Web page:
Performance Optimization - 6.7 [Foreign key association] Big dimension table search
When traversing the fact table and using the foreign key to search the dimensional table records, only one record will be taken at a time; However, the fact table is usually not ordered by the foreign key fields (the fact table may have multiple foreign keys. Being ordered by one foreign key will not be ordered by another. In most cases, the fact table is not ordered by any foreign key), and dimension table records are also randomly found; If the number of records in the fact table is slightly large (not too large to be loaded into memory), reading the dimension table is a typical frequent, random and small-amount-data access, which will lead to an extremely low performance to the hard disk.
Fortunately, the stability of dimension table is relatively high, it is usually not very large and can be loaded into memory. This is the case discussed in previous sections.
Occasionally, however, we will encounter a situation where the dimension table is too large to be loaded into memory. For the dimension table in the external storage, we can no longer use the above algorithms, otherwise the hard disk will face the frequent, random and small-amount-data access.
Let’s first consider the case where the fact table is relatively small and can be loaded into memory.
Associating the dimension table with the foreign key is essentially a search action. For the big dimension table, it is the search in external storage. Reviewing the algorithms introduced earlier, we will find that in order to obtain high performance, the data table needs to be stored orderly by the to-be-searched key key (the primary key of dimension table), or build an index.
If there are multiple records in the fact table, there will be multiple foreign keys, the problem becomes the batch searches in external storage. In this case, the foreign keys of the fact table need to be gathered for searching to avoid frequent access caused by separate search.
The dimension table stored in the bin file is ordered by the primary key, and the dimension table needs to be searched randomly, so it cannot appear as a cursor. After the foreign key values of the fact table are concatenated into a sequence, using the iselect()function (binary search) can relatively quickly fetch the required dimension table records, avoiding the traversal of whole big dimension table. The foreign key of fact table may have duplicate values, we need to use the id() to do DISTINCT operation and sort at the same time, and then search them in the dimension table file, and finally associate them with the fact table.
SPL encapsulates this process into a joinx@q() function:
Unlike the addressization method used earlier, in this code, only part of records and fields are taken out from the dimension table, and such records and fields are for temporary use only in most situations, in this case, it doesn’t make much sense to do addressization after constructing a table sequence, hence the joinx@q() function directly joins the dimension table fields to the fact table records.
If the dimension table is stored in the composite table, we can also use the index to search, which can obtain better performance.
Generally, the composite table is sorted by the primary key, and even if there is no index, it can also be found more quickly by the binary search.
Similar to in-memory dimension table, this method can also resolve the association of multiple big dimension tables at the same time. After resolving the dimension tables in external storage, we can continue to resolve the in-memory dimension table on the obtained table sequence. Clarifying the relationship between dimension table and fact table is the key foundation for solving the foreign key relationship and obtaining high performance.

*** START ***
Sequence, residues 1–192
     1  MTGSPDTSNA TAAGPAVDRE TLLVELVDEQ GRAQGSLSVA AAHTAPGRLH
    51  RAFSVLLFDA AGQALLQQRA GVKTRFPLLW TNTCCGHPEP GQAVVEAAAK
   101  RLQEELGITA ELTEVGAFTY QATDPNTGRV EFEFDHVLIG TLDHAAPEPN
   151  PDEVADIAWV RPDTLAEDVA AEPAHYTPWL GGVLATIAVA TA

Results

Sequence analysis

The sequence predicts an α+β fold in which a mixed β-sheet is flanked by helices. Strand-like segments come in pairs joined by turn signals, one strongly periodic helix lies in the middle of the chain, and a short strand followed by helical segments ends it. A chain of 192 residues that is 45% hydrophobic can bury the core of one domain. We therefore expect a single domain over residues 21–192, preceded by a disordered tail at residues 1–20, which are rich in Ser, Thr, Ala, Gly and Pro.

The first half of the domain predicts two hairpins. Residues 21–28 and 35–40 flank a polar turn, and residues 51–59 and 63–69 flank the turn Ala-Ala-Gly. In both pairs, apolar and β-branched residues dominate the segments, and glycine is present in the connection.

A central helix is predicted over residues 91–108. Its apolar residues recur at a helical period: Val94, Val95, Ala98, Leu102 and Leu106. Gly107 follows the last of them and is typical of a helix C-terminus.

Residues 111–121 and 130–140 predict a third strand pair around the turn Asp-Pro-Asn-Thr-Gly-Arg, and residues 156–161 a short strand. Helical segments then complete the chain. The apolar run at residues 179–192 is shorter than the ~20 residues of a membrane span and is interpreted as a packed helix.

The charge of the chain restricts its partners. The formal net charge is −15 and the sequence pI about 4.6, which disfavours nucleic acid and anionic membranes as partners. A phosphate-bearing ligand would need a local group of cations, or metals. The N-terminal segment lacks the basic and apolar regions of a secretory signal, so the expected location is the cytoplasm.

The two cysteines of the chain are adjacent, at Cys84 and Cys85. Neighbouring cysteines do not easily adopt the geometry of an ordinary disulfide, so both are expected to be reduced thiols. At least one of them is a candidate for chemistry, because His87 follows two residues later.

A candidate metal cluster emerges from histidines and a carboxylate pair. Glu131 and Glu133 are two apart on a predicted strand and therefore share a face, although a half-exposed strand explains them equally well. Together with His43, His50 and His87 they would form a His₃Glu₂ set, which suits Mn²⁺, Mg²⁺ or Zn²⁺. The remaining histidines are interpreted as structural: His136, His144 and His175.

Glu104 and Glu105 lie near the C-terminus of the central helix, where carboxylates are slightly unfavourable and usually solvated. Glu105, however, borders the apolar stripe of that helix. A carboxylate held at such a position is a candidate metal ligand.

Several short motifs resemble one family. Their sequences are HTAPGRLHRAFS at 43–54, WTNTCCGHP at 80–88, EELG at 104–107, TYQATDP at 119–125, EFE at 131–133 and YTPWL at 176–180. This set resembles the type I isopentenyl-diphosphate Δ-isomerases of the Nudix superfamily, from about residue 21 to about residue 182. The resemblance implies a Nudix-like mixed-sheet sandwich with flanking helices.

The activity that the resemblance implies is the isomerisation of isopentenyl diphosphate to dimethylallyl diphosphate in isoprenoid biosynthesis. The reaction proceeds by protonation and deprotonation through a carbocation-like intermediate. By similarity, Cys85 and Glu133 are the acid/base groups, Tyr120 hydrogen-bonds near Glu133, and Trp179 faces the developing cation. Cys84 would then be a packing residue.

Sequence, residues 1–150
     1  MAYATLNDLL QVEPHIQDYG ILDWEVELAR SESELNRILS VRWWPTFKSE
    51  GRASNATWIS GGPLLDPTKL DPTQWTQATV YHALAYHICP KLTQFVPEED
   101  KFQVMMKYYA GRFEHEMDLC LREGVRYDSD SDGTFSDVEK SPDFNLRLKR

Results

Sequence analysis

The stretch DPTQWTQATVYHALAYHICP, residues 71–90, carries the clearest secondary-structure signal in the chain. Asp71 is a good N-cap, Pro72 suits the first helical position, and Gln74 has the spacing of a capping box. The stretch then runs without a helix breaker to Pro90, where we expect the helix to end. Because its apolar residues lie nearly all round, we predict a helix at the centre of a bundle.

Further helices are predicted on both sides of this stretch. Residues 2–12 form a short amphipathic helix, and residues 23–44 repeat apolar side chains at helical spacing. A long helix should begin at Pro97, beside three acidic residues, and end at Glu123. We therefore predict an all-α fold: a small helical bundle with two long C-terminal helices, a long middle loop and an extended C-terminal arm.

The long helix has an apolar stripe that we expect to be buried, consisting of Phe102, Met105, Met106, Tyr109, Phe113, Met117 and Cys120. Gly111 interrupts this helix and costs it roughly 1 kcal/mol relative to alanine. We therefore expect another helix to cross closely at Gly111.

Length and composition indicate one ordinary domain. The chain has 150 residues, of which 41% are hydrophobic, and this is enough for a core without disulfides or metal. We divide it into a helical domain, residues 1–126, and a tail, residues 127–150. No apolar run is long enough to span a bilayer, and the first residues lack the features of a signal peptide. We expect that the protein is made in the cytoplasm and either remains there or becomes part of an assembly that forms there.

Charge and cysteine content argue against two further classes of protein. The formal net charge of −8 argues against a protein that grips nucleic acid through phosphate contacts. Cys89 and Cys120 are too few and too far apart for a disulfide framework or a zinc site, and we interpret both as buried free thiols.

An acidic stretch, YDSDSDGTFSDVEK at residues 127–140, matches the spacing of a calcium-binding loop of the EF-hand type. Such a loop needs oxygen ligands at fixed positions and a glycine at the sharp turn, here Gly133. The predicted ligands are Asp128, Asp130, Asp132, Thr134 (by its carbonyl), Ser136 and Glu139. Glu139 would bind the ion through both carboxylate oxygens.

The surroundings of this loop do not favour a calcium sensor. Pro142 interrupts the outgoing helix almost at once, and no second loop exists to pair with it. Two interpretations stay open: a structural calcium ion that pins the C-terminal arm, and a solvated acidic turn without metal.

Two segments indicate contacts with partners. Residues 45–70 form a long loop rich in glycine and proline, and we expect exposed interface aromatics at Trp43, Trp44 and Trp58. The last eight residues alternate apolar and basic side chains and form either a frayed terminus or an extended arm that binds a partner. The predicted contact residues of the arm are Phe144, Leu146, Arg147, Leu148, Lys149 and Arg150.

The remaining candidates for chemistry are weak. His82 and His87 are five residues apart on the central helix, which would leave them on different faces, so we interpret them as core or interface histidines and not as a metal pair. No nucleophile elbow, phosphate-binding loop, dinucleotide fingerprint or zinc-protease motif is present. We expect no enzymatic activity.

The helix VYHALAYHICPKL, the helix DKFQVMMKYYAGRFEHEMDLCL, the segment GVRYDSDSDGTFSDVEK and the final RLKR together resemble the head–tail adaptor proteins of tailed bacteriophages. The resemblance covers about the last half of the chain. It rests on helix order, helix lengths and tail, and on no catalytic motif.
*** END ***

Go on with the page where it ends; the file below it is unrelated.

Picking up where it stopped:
The relational algebra theory does not distinguish between dimension table and fact table. For the join of two tables, many databases still read the small table into memory first and traverse the large table. For the current situation, it will first read the fact table into memory and then traverse the dimension tables. For these two situations, i.e., large fact table and small dimension table, big dimension table and small fact table, the database processing method is the same.
The dimension table search method we are discussing here also needs to read the fact table, but it does not need to traverse the big dimension table, and the processing method for the above two situations is not the same. In this method, every record of the fact table needs to participate in the calculation, and traversal of the fact table is unavoidable. For the dimension table, however, not every record needs to participate in the calculation (the maximum number of records used for calculation does not exceed that of fact table). It does not take much time to read the small dimension table, and it will not have much impact even if there is waste due to read the whole dimension table (moreover, as discussed in the previous sections, these dimension tables are usually reused, hence there is no waste). However, it is not worth traversing the big dimension table. When the fact table is relatively small, only a small part of dimension table records will be used, in this case, it is not necessary to traverse the whole big dimension table.
Database, or relational algebra system, has a relatively simple understanding of data association, and does not deeply reflect the more essential characteristics of data association, hence it is impossible to design a higher performance algorithm theoretically, and we have to hope for the engineering optimization of the database. Specifically, some well-designed database optimizers can find that one of the association keys is the primary key of the big table, and will “intelligently” choose the search technology instead of traversal, but they will still get “confused” when many tables involved.